NL Central –
Chicago 95-66
Milwaukee 84-78
St. Louis 83-78
Cincinnati 83-79
Houston 66-97
Pittsburgh 60-102

Chicago remains the class of the division though jettisoning Mark DeRosa was puzzling. They have two elite players known more for getting hurt than playing in Milton Bradley and Rich Harden. If both last the full season, it could be a dominating one in the Windy City. It looks like Lou Piniella realizes that Carlos Marmol is more valuable at the 7th-8th inning guy while Kevin Gregg is plenty capable of closing. It broke the hearts of us fantasy baseballers, but he’s not concerned with giving the best skills guy the most saves. Plus it’s not set in stone. Sean Marshall‘s improvements as a full-time starter will help alleviate Ryan Dempster‘s regression and Carlos Zambrano‘s continued descent…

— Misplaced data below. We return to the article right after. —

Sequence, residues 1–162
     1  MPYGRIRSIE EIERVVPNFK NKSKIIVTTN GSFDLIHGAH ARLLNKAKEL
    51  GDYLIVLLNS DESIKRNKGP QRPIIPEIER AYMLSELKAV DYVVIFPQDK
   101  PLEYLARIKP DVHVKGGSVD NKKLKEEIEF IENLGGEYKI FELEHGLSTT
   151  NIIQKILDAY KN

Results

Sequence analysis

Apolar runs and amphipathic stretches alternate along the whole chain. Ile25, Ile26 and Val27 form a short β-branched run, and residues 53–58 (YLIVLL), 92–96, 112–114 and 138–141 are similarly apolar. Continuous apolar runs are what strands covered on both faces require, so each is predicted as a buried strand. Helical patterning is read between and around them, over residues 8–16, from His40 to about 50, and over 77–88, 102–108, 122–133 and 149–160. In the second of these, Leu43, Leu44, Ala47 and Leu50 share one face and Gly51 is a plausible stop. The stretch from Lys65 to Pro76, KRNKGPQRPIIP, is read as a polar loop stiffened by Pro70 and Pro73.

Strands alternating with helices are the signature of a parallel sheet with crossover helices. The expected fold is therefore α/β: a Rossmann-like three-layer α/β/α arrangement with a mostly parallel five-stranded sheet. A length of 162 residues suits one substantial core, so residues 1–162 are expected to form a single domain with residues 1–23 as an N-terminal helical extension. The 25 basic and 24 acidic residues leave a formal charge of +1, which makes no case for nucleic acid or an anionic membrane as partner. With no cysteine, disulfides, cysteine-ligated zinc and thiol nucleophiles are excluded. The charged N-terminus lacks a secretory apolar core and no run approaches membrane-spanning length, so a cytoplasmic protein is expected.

The losses of CC Sabathia and Ben Sheets can be quelled, at least to a degree, by Yovani Gallardo‘s return and the maturation of Manny Parra into a top-level starter. If Dave Bush can finally put his skills together for an entire season, they might not even notice their 2008 1-2 punch is gone. What makes their potent offense all the more impressive is how much of it is home grown. Look for Rickie Weeks to finally emerge and Corey Hart to be the improved 2007 version that was hoped for last year. Carlos Villanueva was brilliant in relief last year and he could end up as their closer for more than just this week while the 41-year old Trevor Hoffman gets well…